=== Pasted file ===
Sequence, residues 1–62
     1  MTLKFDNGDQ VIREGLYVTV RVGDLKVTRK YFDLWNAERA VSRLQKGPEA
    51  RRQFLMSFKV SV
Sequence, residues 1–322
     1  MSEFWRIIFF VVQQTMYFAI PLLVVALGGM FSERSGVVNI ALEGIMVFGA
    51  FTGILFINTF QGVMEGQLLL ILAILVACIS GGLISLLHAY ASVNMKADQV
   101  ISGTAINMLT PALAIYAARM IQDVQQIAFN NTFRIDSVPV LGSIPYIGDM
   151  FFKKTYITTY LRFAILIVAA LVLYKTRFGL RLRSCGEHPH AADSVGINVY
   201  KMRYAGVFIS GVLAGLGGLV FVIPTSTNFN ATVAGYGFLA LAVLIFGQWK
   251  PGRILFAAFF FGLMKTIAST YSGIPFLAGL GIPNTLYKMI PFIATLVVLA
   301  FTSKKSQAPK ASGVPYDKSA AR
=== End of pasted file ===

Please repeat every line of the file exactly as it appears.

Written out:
Sequence, residues 1–62
     1  MTLKFDNGDQ VIREGLYVTV RVGDLKVTRK YFDLWNAERA VSRLQKGPEA
    51  RRQFLMSFKV SV
Sequence, residues 1–322
     1  MSEFWRIIFF VVQQTMYFAI PLLVVALGGM FSERSGVVNI ALEGIMVFGA
    51  FTGILFINTF QGVMEGQLLL ILAILVACIS GGLISLLHAY ASVNMKADQV
   101  ISGTAINMLT PALAIYAARM IQDVQQIAFN NTFRIDSVPV LGSIPYIGDM
   151  FFKKTYITTY LRFAILIVAA LVLYKTRFGL RLRSCGEHPH AADSVGINVY
   201  KMRYAGVFIS GVLAGLGGLV FVIPTSTNFN ATVAGYGFLA LAVLIFGQWK
   251  PGRILFAAFF FGLMKTIAST YSGIPFLAGL GIPNTLYKMI PFIATLVVLA
   301  FTSKKSQAPK ASGVPYDKSA AR